Monthly Archive for: ‘June, 2016’
MASTER HAROLD. . . and the boys: Drama by Athol Fugard. Directed by Timothy Near. Aurora Theatre Company, 2081 Addison Street, Berkeley, CA. (510) 843-4822 or at www.auroratheatre.org. June17-July 17, 2016.
EXTENDED TO JULY 31, 2016
MASTER HAROLD. . . and the boys magnificently erupts at Aurora Theatre. Rating:
Aurora Theatre ends its 24th season with a stunning production of MASTER HAROLD. . . and the boys written by Athol Fugard in 1980 and is cogent today as it was then. Fugard who is the South Africa’s premier playwright was an early champion of dismantling apartheid. His plays were instrumental in reaching that goal. The basic story is autobiographical but the play’s construction brilliantly compresses the years of abuse into a taut 90 minutes of riveting theater by combining action in the present and personal/poetical references to past events. Director Timothy Near displays her versatility in this her first foray at the Aurora.
Near is greatly aided by a top-notch cast that includes the consummate professional L. Peter Callender whose performance dominates the stage but also blends beautifully with Adrian Roberts’ understated performance and Andrew Humann’s difficult role as the epitome of white control over the lives of Blacks.
The place is a St. George’s Park Tearoom with a storm raging outside. Hally/Master Harold (Andrew Humann) is a white teenager who is the son of the owners and two black waiters, Sam (L. Peter Callender) and Willie (Adrian Roberts) are long time employees with a congenial relationship masking underlying enmity. Written into the major theme of unjust separation of blacks and whites are layers of proximate motifs of parental abuse and interpersonal humanity and inhumanity no matter whether white or black. There is a complex relationship between Sam and Hally with each being an instructor/student to each other. While Sam is attempting to guide Hally into adulthood, Hally is a mentor to Sam’s education. Fugard injects a metaphor of kite flying and ballroom dancing to add poetic imagery emphasizing Sam’s continuing raison d’être as protector and instructor of the internally damaged Hally that is integral to the entire play.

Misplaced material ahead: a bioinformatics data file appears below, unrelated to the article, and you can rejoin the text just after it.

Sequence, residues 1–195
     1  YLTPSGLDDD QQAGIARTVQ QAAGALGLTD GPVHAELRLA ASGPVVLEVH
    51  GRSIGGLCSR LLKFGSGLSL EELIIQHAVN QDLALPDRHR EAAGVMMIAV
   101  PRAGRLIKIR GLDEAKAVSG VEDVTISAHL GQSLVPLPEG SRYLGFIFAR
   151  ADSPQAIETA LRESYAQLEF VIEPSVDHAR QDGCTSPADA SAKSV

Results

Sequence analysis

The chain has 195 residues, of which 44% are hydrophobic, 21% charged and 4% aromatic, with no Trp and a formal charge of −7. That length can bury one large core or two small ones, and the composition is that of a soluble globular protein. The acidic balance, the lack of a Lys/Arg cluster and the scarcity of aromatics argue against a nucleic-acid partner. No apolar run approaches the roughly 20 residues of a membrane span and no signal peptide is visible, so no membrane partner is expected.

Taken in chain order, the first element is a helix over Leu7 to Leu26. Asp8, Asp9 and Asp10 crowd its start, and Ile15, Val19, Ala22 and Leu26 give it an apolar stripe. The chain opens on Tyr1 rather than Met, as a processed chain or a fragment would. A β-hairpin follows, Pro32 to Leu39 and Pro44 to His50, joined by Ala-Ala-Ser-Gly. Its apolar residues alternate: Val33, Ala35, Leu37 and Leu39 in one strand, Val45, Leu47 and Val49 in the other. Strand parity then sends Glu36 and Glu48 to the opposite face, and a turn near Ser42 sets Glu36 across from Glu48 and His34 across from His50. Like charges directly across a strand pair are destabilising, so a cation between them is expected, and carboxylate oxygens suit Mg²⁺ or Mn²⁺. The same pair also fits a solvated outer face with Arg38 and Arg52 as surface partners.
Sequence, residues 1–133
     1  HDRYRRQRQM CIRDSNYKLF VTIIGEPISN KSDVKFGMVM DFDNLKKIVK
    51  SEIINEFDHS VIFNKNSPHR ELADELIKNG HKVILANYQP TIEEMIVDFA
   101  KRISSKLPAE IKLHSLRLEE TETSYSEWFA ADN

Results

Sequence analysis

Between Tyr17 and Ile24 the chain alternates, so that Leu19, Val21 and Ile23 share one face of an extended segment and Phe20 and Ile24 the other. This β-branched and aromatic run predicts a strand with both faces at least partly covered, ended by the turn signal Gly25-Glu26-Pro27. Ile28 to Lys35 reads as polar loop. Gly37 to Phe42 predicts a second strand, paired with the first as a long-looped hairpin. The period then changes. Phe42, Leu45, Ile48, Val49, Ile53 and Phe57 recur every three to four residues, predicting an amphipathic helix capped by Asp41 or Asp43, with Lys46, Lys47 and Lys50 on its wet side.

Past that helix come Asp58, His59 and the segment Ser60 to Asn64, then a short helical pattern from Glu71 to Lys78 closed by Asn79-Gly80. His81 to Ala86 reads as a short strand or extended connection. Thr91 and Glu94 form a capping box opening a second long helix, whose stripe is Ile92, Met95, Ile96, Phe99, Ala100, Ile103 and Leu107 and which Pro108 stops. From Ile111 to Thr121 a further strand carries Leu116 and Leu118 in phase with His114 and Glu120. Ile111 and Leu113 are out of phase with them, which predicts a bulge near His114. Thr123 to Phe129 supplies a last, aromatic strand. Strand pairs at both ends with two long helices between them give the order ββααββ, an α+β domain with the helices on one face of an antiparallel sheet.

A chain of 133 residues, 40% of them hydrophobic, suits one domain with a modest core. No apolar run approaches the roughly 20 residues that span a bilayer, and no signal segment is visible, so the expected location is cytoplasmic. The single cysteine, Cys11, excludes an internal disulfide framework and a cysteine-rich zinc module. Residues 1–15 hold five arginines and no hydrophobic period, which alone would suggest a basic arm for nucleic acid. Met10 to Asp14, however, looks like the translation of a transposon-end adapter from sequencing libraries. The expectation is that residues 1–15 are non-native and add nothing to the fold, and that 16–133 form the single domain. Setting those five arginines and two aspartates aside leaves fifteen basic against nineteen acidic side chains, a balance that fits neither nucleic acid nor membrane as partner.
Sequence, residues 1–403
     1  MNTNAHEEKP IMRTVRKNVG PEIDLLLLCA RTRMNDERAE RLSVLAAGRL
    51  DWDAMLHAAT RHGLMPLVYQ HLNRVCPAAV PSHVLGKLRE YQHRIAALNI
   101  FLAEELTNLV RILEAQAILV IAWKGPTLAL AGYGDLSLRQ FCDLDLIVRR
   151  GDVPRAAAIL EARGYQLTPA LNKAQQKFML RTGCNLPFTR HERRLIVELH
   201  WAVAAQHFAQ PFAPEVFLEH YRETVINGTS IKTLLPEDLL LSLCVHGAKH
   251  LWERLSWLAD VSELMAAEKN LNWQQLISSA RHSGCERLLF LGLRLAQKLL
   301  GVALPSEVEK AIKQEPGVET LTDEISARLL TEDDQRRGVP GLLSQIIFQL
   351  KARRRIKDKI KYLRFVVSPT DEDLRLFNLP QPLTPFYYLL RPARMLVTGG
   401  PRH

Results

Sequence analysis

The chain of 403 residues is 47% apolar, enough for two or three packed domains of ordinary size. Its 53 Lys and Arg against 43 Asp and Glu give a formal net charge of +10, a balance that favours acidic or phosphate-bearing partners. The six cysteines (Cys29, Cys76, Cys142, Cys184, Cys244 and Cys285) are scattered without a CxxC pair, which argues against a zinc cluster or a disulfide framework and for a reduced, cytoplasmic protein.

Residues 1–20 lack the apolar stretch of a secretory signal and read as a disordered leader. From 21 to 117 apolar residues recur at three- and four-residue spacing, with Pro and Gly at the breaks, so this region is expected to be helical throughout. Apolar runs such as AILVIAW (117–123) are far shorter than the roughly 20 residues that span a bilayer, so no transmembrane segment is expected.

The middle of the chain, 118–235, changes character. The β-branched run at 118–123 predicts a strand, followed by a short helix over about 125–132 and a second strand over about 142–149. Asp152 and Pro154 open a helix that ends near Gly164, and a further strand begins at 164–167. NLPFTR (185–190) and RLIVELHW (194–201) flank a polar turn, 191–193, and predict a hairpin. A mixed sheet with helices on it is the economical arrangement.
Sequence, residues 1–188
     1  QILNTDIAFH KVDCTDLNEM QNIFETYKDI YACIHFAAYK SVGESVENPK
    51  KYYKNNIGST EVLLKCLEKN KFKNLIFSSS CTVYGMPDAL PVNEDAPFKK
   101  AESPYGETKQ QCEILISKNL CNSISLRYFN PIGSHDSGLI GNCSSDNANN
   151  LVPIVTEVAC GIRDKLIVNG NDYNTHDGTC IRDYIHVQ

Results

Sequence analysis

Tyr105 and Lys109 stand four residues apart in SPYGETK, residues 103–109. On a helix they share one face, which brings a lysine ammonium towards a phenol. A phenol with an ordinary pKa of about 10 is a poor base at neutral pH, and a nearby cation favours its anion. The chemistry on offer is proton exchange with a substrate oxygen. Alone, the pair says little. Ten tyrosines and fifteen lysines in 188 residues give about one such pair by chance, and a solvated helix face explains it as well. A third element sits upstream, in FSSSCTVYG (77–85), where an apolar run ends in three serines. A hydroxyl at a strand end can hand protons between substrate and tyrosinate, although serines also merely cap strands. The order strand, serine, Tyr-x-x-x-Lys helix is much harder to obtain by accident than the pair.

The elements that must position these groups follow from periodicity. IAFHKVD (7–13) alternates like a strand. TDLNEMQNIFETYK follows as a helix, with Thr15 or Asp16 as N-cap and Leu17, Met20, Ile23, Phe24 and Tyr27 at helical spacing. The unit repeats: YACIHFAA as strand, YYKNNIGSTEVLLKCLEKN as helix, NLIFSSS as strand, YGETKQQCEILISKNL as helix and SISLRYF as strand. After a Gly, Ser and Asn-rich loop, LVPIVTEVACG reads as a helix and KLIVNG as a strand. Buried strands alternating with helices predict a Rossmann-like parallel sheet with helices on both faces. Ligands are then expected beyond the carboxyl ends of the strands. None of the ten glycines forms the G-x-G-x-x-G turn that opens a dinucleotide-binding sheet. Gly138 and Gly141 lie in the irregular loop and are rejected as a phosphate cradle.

There is a joyful passage that defines the bond between a 10-year-old Hally and Sam, his surrogate father, as they recollect the meaning of Sam’s homemade Kite for Hally. Later, the full devastation of why Sam could not share that moment since Hally was sitting on a “white only” bench claws at the heart. That devastation continues in the vitriolic breaking of the bond between Sam and Hally and Sam recounts his rescue of Hally’s alcoholic father from a ‘white only’ salon when Hally was very young.
The dancing metaphor is seamlessly and poetically woven into the philosophical tenets of the play and actually bookend the evening leaving a glimmer of hope that the schism will breached.
All this unfolds on an almost perfect tearoom set (Richard Olmsted) with white a green tile flooring that is surrounded on three sides at the intimate Aurora Theatre that allows the audience to be at an intimate 3 to 6 feet from the action on stage. Highly recommended.
CAST: L. Peter Callender, Sam; Adrian Roberts, Willie; Andrew Humann, Hally.
ARTISTIC STAFF: Timothy Near, Director; Athol Fugard, Playwright; Kevin Johnson, Stage Manager; Michael Koptke and Chelsea Farrah, Choreographers; Devon Labelle, Props Designer; Teddy Hulsker, Sound Designer; Victoria Livingston-Hall – Costume Designer; Kurt Landisman, Light Designer; Richard Olmsted, Set Designer; Lisa Anne Porter, Dialect Coach, Kellen Hoxworth, Dramaturg.
Kedar K. Adour, MD
Courtesy of www.theatreworldim2.com.